You might be thinking “what has happened to my child?” as they enter the pre-teen and teen years. Your once even-keeled, laid-back child who willingly hung out with the family now has all of their focus on what their friends are doing. They may be stressing about things they never cared about (eg. what clothes you are buying for them) and now are asking to see their friends more than ever. A lot of teens look to their parents for help but how do you support them without doing too much? Here are some thoughts about how to help your kid manage social stress.
Understand teens have big emotions.
For teens everything is a big deal and social stress creates big emotions. Biologically that’s what happening in their brain. And as parents we tend to want to swoop in and make everything better which isn’t always the best in the long run. The best thing we can do is listen, let them sort out how they want to handle it and ride out the wave of emotions. By the next day, they often have forgotten about it and moved onto something else (or the next drama).
Socializing through social media is the norm.
Back in the day, we went to the mall to hang out with our friends. Now kids go on social media. A lot. But you can still have ground rules even if they don’t leave your house to socialize. This includes time limits, charging their phone at night in a central area or times of the day they are not allowed to use it (e.g. mealtimes).
Your child’s friend group might not look like the one you had.
Some kids have one or two friends that they hang out with consistently. For some kids, they hang out in huge groups. No matter what they decide, as long as the kids they choose to be with have a positive influence, try not to compare your childhood experience to theirs. Your child will feel the pressure to measure up with your expectations.
Kids know their friends better than you do.
As parents we may say “why don’t you hang out with Kaitlyn?’, the girl they have known since since elementary school. But your teen may be saying no because they are aware that Kaitlyn is doing things that you would not approve of but they don’t want to reveal it. Appreciate that your child may know more about these things than you and you may be encouraging friendships that you actually do not want to condone.
Check to see if your rules are age-appropriate.
Sometimes as parents we make a random rule such as “no makeup” until freshman year. That may be setting your child up for social stress and feeling ostracized. Talk with other parents to see if your expectations are realistic and in the ballpark.
There is a social standing among the kids whether we like or not.
We hope that our kids are not facing the social hierarchies we did as kids. Unfortunately, there are still the popular kids that everyone measures themselves up to. Acknowledging there is a pressure for kids to participate in certain events because it affects their social status will go a long way. Understanding doesn’t mean you have to agree with it.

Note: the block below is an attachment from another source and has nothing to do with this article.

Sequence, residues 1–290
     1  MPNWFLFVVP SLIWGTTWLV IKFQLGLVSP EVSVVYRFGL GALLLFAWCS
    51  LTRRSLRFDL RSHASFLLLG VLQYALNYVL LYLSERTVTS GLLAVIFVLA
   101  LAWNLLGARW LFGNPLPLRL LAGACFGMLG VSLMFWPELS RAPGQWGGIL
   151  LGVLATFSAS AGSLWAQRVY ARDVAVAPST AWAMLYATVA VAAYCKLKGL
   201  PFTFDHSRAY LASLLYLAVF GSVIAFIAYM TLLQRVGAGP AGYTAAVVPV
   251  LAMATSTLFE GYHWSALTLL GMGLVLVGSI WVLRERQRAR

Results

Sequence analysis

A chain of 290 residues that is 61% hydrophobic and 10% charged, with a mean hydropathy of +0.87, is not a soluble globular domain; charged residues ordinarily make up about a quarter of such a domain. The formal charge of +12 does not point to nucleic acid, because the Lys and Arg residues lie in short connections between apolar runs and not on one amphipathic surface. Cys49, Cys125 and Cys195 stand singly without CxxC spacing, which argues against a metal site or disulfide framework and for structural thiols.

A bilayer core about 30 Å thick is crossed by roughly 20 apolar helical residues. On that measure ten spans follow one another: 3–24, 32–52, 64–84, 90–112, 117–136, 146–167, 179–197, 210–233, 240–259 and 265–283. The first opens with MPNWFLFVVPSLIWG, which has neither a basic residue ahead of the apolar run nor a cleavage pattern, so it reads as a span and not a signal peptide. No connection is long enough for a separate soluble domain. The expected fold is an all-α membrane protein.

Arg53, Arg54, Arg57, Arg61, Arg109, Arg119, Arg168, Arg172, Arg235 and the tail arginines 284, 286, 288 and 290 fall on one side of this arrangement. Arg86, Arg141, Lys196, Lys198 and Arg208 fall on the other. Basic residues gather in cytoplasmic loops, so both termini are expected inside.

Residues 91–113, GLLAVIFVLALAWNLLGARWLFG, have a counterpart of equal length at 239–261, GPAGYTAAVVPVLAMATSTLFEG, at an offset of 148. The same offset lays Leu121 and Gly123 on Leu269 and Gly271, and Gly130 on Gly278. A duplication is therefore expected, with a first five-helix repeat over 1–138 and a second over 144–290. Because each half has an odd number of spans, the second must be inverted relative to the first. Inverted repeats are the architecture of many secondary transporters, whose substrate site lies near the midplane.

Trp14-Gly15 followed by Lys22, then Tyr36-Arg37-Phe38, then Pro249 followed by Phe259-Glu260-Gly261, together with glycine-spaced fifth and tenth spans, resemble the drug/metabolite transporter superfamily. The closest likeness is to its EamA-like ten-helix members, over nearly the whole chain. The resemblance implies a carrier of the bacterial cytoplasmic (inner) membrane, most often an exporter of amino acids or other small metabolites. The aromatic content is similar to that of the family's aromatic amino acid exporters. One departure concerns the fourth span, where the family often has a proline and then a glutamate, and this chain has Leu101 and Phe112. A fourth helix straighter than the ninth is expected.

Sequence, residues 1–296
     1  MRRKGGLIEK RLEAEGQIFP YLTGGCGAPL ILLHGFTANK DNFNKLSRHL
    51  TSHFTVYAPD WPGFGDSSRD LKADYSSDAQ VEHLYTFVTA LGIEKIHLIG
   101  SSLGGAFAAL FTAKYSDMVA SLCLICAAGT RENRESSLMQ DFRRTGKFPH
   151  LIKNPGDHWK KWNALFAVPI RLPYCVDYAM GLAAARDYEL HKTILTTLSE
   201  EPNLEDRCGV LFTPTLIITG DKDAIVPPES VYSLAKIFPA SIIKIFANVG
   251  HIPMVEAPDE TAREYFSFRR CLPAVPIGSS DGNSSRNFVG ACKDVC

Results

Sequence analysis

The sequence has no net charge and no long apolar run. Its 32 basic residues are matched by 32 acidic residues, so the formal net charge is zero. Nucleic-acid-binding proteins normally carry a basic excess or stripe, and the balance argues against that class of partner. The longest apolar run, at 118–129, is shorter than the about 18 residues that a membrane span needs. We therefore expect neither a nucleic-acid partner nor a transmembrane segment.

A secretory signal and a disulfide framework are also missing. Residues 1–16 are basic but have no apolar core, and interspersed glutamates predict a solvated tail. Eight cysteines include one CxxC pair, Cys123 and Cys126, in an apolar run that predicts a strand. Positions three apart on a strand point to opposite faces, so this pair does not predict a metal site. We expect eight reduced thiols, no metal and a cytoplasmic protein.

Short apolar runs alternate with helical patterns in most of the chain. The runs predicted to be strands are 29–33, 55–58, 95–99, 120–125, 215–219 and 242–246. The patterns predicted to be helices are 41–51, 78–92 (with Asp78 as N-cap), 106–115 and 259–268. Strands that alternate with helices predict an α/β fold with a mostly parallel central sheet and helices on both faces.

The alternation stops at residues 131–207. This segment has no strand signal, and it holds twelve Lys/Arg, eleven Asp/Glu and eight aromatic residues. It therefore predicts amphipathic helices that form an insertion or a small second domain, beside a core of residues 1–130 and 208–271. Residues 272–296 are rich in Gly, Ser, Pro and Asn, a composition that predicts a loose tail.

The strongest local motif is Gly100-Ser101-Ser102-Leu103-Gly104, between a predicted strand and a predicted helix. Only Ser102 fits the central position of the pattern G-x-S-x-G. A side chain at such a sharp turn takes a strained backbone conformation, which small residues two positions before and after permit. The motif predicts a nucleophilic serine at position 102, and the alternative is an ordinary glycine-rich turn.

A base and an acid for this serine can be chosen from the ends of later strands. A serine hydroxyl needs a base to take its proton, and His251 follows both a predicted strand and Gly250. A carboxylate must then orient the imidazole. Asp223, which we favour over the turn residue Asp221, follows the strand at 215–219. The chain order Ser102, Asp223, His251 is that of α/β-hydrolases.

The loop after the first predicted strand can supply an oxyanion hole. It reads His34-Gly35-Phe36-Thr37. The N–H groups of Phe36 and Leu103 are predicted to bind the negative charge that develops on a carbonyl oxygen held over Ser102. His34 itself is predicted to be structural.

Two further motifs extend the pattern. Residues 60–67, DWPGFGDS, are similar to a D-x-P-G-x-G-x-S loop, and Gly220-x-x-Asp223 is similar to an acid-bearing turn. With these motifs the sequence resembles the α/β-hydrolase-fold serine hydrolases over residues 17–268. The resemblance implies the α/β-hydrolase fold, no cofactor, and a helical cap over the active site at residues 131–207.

They may want to vent, not get advice.
Teenagers come home from school or a friends house and they may launch into a story of a situation that is bothering them. Your first reaction may be to offer advice but really all they want to do is vent. Knowing when it is important to just listen will be why they keep coming back to talk rather than hide in their room.
Define what is a healthy friendship.
Some kids don’t know what it means to have a friendship that is supportive, positive and reciprocal. Instead they try to hang with popular kids and it can end up being one-sided or they get treated poorly increasing their social stress. Encourage them to seek out kids who genuinely want to hang with them rather than for a particular purpose.
Empathize with them when they are being mistreated but get involved if they are being bullied.
Listen to their story and offer suggestions of ways to cope with the situation. Sometimes kids are learning how to socially problem solve and manage the ups and downs of friendship. But if it appears to be a targeted, chronic issue whether it be in-person or online, addressing the bullying situation is crucial.
This phase doesn’t last forever. Promise.
Early teenagehood is a struggle for everyone, particularly 6th through 9th grades. As they get older, kids start settling into their social groups and know where they stand with their friends. This is when the drama begins to lessen and they are beginning to feel more socially and emotionally confident.
If you feel like your teenager is having difficulty navigating social pressures and you aren’t sure what to do, seeking the help of a professional mental health clinician may be helpful. Working together with a therapist to identify supportive strategies to help your teenager can make all the difference.
Julie Safranski, LCSW is a Chicago psychotherapist. She enjoys working with pre-teens, teenagers and their parents as they build their social and emotional competence. She can be reached at email@example.com.